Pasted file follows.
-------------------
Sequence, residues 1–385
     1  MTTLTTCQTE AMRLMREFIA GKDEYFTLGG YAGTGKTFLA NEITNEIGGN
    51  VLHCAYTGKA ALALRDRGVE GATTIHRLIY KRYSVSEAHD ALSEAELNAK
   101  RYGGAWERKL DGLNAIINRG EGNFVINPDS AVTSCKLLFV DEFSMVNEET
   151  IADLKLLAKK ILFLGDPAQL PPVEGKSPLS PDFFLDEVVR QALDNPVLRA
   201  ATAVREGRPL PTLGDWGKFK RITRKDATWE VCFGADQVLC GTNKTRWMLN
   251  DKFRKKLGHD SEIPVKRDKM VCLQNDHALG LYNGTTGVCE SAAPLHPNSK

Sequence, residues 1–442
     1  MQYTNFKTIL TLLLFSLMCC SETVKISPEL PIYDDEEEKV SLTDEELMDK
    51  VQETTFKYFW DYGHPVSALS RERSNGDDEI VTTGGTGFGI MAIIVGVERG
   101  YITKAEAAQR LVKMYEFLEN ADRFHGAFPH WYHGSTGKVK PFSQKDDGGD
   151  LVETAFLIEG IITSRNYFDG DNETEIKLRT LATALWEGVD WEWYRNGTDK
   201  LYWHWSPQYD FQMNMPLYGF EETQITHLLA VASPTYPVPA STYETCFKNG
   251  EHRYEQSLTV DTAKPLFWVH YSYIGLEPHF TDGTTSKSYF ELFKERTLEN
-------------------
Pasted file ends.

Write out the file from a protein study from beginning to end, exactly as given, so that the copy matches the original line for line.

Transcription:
Sequence, residues 1–385
     1  MTTLTTCQTE AMRLMREFIA GKDEYFTLGG YAGTGKTFLA NEITNEIGGN
    51  VLHCAYTGKA ALALRDRGVE GATTIHRLIY KRYSVSEAHD ALSEAELNAK
   101  RYGGAWERKL DGLNAIINRG EGNFVINPDS AVTSCKLLFV DEFSMVNEET
   151  IADLKLLAKK ILFLGDPAQL PPVEGKSPLS PDFFLDEVVR QALDNPVLRA
   201  ATAVREGRPL PTLGDWGKFK RITRKDATWE VCFGADQVLC GTNKTRWMLN
   251  DKFRKKLGHD SEIPVKRDKM VCLQNDHALG LYNGTTGVCE SAAPLHPNSK

Sequence, residues 1–442
     1  MQYTNFKTIL TLLLFSLMCC SETVKISPEL PIYDDEEEKV SLTDEELMDK
    51  VQETTFKYFW DYGHPVSALS RERSNGDDEI VTTGGTGFGI MAIIVGVERG
   101  YITKAEAAQR LVKMYEFLEN ADRFHGAFPH WYHGSTGKVK PFSQKDDGGD
   151  LVETAFLIEG IITSRNYFDG DNETEIKLRT LATALWEGVD WEWYRNGTDK
   201  LYWHWSPQYD FQMNMPLYGF EETQITHLLA VASPTYPVPA STYETCFKNG
   251  EHRYEQSLTV DTAKPLFWVH YSYIGLEPHF TDGTTSKSYF ELFKERTLEN